BLAT with cython? Bypassing the IO of BLAT
0
0
Entering edit mode
5.3 years ago

Hi all, I am trying to create a tool which utilises BLATv.35 in order to pairwise-align all transcripts in a gene (for all genes in the genome). I am using the commandline BLAT version which requires a .fasta file for each gene and produces a .psl for each gene, this is a lot of IO (as i produce 20,000 fasta files and 20,000 psl files for instance).

My starting point is a .fasta file with all the transcripts in the entire genome and a .txt file with the clustering of which transcripts are in which gene. Since their are hundreds of thousands of transcripts blatting the fasta file against itself is very time consuming and is very inefficient (since i only need to pairwise align transcripts from within the same gene and not the other 219,999 genes), so i want to split this into a blat instance per gene. But in order to do so i need a fasta file per gene, therein lies the problem.

My tool is a python tool (and i run blat as a command to the shell from within). I am trying to speed up my program by bypassing all the IO. Ideally i would pass a list (where each element was a transcript sequence) for each gene and blat the list against itself pairwise and then store the output all within a python framework (without needing to create a .fasta file and .psl for each gene).

My plan is one of the following:

1) modify the blat source code such that i can simply input arrays of strings, and output strings and encorporate this function into my python code using cython.

2) Use a pairwise aligner native to python (i have tested this already, these are much slower than BLAT)

3) By pass blat altogether, write/import my own aligner in C/C++ and use that instead.

I was simply wondering whether anyone else had thought or implemented a solution and which of the above solutions the biostar community thought would be best?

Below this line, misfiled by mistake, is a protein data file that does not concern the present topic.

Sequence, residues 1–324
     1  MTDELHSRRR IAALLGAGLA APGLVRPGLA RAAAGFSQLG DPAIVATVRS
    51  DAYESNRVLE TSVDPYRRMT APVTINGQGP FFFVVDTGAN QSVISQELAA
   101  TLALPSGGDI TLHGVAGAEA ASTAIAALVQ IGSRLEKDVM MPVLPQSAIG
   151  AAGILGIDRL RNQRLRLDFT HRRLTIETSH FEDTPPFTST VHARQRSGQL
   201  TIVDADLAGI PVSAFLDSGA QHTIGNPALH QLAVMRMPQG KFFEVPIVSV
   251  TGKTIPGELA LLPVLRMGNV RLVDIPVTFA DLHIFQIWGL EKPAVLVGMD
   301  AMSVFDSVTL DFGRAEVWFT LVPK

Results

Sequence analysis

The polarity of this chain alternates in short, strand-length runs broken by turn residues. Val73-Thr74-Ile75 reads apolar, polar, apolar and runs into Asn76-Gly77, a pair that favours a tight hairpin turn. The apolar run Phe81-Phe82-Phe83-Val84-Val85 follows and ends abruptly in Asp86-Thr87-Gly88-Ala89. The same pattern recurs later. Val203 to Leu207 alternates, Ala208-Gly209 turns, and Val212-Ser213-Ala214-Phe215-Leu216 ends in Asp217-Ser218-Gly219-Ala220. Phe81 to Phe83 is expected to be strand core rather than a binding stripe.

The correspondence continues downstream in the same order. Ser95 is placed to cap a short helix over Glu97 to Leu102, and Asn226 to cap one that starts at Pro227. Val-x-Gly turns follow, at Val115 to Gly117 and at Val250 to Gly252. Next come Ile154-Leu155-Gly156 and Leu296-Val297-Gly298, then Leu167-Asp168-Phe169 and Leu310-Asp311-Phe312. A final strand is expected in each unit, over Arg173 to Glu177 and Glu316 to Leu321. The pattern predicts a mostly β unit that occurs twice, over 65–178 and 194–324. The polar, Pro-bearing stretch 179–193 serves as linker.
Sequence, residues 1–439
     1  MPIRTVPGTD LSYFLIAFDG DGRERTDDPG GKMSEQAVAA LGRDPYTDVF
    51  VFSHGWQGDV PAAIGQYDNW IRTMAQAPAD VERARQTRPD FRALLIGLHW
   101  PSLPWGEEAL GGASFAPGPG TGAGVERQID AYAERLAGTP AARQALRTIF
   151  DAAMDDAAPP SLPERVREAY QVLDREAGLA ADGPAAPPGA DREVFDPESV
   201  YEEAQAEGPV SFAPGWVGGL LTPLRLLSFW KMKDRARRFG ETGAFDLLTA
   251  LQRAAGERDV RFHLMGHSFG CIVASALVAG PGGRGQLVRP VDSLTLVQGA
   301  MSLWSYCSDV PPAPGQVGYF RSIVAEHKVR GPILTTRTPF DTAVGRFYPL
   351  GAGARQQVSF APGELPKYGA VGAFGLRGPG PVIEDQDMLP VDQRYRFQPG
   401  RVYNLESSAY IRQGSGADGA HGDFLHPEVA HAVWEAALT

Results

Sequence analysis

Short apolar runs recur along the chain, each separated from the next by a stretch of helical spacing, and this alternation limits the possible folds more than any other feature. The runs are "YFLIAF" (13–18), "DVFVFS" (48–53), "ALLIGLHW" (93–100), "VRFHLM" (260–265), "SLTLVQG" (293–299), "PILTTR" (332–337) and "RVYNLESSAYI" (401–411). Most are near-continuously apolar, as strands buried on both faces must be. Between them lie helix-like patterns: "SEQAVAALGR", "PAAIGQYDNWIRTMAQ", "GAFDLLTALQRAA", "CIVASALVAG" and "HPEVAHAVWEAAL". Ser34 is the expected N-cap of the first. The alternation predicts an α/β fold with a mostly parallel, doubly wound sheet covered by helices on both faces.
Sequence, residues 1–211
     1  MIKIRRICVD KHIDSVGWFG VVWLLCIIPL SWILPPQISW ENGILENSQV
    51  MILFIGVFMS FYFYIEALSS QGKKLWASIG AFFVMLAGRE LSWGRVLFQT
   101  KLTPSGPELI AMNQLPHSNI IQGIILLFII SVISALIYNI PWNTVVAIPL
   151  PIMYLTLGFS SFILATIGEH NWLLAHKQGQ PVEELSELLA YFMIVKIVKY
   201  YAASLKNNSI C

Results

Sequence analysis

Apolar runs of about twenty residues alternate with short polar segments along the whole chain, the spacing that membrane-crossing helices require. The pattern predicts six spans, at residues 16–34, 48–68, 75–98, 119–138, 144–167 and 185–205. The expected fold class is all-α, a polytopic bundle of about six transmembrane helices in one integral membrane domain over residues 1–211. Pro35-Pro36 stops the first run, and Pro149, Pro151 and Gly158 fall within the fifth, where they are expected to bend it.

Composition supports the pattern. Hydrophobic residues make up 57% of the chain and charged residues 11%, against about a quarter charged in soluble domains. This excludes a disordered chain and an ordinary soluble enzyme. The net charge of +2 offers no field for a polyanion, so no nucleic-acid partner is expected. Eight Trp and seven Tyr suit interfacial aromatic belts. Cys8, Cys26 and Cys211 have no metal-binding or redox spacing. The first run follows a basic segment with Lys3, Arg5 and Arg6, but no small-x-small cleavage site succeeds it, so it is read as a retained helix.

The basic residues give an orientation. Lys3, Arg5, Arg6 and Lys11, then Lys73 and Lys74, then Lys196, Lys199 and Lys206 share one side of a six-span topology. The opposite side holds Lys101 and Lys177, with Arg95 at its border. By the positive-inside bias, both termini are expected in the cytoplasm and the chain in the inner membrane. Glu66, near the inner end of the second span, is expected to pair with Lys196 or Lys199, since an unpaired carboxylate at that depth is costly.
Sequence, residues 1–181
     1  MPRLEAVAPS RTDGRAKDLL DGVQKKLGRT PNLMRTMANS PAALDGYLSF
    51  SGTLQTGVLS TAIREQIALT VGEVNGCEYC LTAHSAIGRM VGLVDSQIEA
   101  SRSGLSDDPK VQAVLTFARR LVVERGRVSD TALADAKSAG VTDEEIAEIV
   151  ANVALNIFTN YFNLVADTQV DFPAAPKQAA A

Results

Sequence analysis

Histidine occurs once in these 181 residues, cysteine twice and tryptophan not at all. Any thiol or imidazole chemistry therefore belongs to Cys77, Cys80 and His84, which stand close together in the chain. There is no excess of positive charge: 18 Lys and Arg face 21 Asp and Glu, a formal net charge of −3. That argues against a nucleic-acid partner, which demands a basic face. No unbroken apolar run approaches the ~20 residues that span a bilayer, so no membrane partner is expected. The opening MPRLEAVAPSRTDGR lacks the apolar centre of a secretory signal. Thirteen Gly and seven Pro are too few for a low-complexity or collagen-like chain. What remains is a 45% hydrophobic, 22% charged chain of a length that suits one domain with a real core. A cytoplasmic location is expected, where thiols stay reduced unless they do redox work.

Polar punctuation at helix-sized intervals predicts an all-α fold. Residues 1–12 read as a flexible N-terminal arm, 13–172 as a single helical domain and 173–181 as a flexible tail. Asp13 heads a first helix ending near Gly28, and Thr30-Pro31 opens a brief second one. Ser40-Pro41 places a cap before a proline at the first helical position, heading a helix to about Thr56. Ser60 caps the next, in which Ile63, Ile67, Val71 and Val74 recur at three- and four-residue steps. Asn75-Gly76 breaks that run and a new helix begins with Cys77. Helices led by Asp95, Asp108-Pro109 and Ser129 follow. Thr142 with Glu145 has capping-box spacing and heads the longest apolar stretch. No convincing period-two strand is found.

Thanks for your time, Anthony

blat python cython • 1.6k views
1
Entering edit mode

As @Devon says IO is not the issue here,

I am trying to speed up my program by bypassing all the IO. Ideally i would pass a list (where each element was a transcript sequence) for each gene and blat the list against itself pairwise and then store the output all within a python framework (without needing to create a .fasta file and .psl for each gene).

how you do this? Did you tried multi process so you will divide your list into chunks and pass them all at the same time to python method implemented by python multiprocess module so they will all run at the same time

0
Entering edit mode

Because inevitably someone will try to literally run 20000 processes at once, I'll note that the idea is to create a pool of workers and use the map-reduce functionality provided by the multiprocessing module to go through them.

0
Entering edit mode

Thanks :) ; I was just giving the Idea of using multiprocessing, but sure not to run 20000 processes

0
Entering edit mode

Thanks for the help medhat and Devon. I am indeed using multiprocess to split the job per gene so that i run a blat instance for each gene in parallel (and i am working with say 16 cores) . I pool my jobs too, this was the first time using multiprocess so i hope i have it set up well:

Here is what i do:
# BY POOL
pool = Pool(processes=ncore)
result = pool.map_async(worker,fnames)
pool.close()
pool.join()
results = result.get()


Where fnames is a list of fasta files (one for each gene) and worker is a small function to apply my code (including the BLAT part).

I simply (perhaps naively) thought that making a fasta file per gene and producing a psl file was the slow part (writing and reading lots of small files) so wanted to avoid that, but if you think that it isn't too time consuming, perhaps i cannot really optimize my code any more in that respect. From your experience how much does the deafault BLAT print out slow things down? I.e. Printing to screen: Loaded 1345 letters in 1 sequences Searched 16629 base 8 sequences 20,000 times. As far as i can see in the blat options there is no way around that...

Again, thanks so much for your input

0
Entering edit mode

Are you really sure that IO is rate limiting here? We're likely talking about at most a few gigs, which isn't going to be a real bottleneck.